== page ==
Last Saturday evening I was in my hotel room in Ghent, Belgium, trying to catch up on some sleep before a gig there that night. I was awoken by the ringing of the phone, it was someone from the event letting me know what time they’d pick me up to take me for my soundcheck. No sooner had I closed my eyes to grab a couple more hours than my wife, Tracey, called me to break the news that Amy Winehouse had been found dead. Like many others that day I was shocked but not surprised, her death, at just 27 years of age, being something of a self-fulfilling prophecy, many journalists having written her obituary long ago in readiness for this tragic eventuality.
Although she only released two albums, she isn’t out of place amongst the music greats – the excesses of her personal life made her the subject of much media scrutiny, and often ridicule, but you couldn’t deny that voice, not to mention the poignancy of the songs she wrote, songs that weren’t just clever words and music, but had clearly come from direct experience – you knew she’d lived every word and every note, the mark of a true artist. By contrast, I remember that it used to bug me when I went into HMV and looked through the Soul CDs to find Joss Stone, a UK contemporary of Winehouse’s, racked alongside the likes of Otis Redding, Aretha Franklin, Marvin Gaye etc. Soul music, to my mind, isn’t a style of music, but something that goes deeper than a mere genre classification, something born of struggle. The songs didn’t have to reflect this directly in their lyrics, although many did – it was about the emotion in the performance. It’s music brought forth, sometimes torn from the heart – from the soul.
Joss Stone is a talented girl with a fine voice. She’s obviously grown up listening to Aretha, and Whitney, and other Soul legends, and has assimilated their vocal style. The marketing people positioned her firmly in this tradition, and her record company brought in authentic Soul musicians from back in the day to reinforce her credibility in this direction, her debut album entitled ‘The Soul Sessions’. But this doesn’t make her a Soul singer – she’s a Pop star who sings in a Soul style. Soulful isn’t something you learn to be, it’s something you either are or you’re not – Stone’s ‘Super Duper Soul’ but a sanitised version of the real thing.
Amy Winehouse, however, very much sung from the soul. I’m pretty sure she understood that in order to find her muse she had to open up the darker corners of herself. Drugs and alcohol were central to her story, only recently she made a sad spectacle of herself in Belgrade, the great singer reduced to an incoherent wreck before an increasingly irked audience who’d paid their money and expected a performance. They got one, just not what they’d bargained for. Instead they witnessed the swansong of a turbulent artist whose destructive brilliance eventually extracted its toll.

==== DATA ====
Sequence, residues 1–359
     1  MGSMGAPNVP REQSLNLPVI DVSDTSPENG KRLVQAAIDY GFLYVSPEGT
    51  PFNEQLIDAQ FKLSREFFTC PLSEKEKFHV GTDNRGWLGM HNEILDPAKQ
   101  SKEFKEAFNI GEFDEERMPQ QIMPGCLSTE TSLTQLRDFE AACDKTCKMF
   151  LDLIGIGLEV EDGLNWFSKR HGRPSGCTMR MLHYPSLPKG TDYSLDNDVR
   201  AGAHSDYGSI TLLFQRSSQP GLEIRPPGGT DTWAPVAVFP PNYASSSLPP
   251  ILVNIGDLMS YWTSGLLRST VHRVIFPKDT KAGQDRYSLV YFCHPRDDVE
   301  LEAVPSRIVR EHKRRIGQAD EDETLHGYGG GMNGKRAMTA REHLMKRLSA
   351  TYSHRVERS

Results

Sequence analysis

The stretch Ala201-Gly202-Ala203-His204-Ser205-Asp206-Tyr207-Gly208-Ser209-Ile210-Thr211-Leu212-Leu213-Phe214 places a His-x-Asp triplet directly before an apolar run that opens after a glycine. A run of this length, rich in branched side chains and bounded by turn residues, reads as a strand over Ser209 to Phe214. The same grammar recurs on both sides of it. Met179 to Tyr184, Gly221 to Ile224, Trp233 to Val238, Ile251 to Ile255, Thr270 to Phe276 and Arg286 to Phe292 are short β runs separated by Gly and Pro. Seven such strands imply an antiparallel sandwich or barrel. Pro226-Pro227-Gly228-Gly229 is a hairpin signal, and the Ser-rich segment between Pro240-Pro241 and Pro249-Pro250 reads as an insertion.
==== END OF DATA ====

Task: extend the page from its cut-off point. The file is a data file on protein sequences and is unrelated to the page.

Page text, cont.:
As they say, she lived fast and now she’s died young – her legend is assured, and she takes her place alongside Brian Jones, Jimi Hendrix, Janis Joplin, Jim Morrison and Kurt Cobain, all of whom also left this mortal coil at the same age of 27. The press quickly picked up on this fascinatingly morbid fact, but there’s no hyperbole here, for Amy Winehouse was one of the few artists of the modern era who can be spoken about in the same breath as the aforementioned icons.
Just a few minutes after my wife had phoned to break the news to me she called back. If I’d have been with her I’m sure she’d have fitted the description ‘she looked like she’s seen a ghost’ – I could immediately hear it in her voice. On telling my son the news, in-between the two calls to me, he exclaimed ‘Oh my God Mum, that phone call’, and with those words a chill went right through her. Earlier that day someone had called on the landline, Tracey thought it was an old lady because she sounded fragile and frail. She was extremely distressed, sobbing uncontrollably, not able to get her words out. Tracey, naturally, tried to find out who she was or who she wanted to speak to, to which she kept saying ‘Amy, Amy’. Not knowing anyone named Amy, Tracey told the caller that they must have a wrong number, and they put the phone down, but she was concerned enough by this woman’s obvious anguish to check the number she’d dialed from, which turned out to be withheld. She put it down to either a wrong number or a crank call, and thought nothing of it until my son, who’d been in the room at the time and heard his mother repeat the name ‘Amy’, made the connection. We’ve no idea who this was, and it’s certainly weirded Tracey out, especially given it happened a number of hours before Amy Winehouse’s death had been announced, but at a time, we’ve since been informed, that she already lay dead. No doubt a bizarre coincidence, but a disturbing one at that – if you believe in premonition this was certainly an instance of it.
‘Tears Dry On Their Own’ was my final track that night.
I’d planned to feature ‘Back To Black’ as the Living To Music selection for September. The idea was to have ‘James Brown Live At The Apollo’ in August, the oldest album to date, then follow it up with ‘Back To Black’, the most recent recording selected. However, given the circumstances I’ve decided to switch the order, with ‘Back To Black’ now featuring on Sunday August 7th.
‘For Amy’ – Russell Brand’s eulogy to a friend:
Recording from Ghent:
Back To Black Living To Music Facebook Events Page:
Amy Winehouse Wikipedia: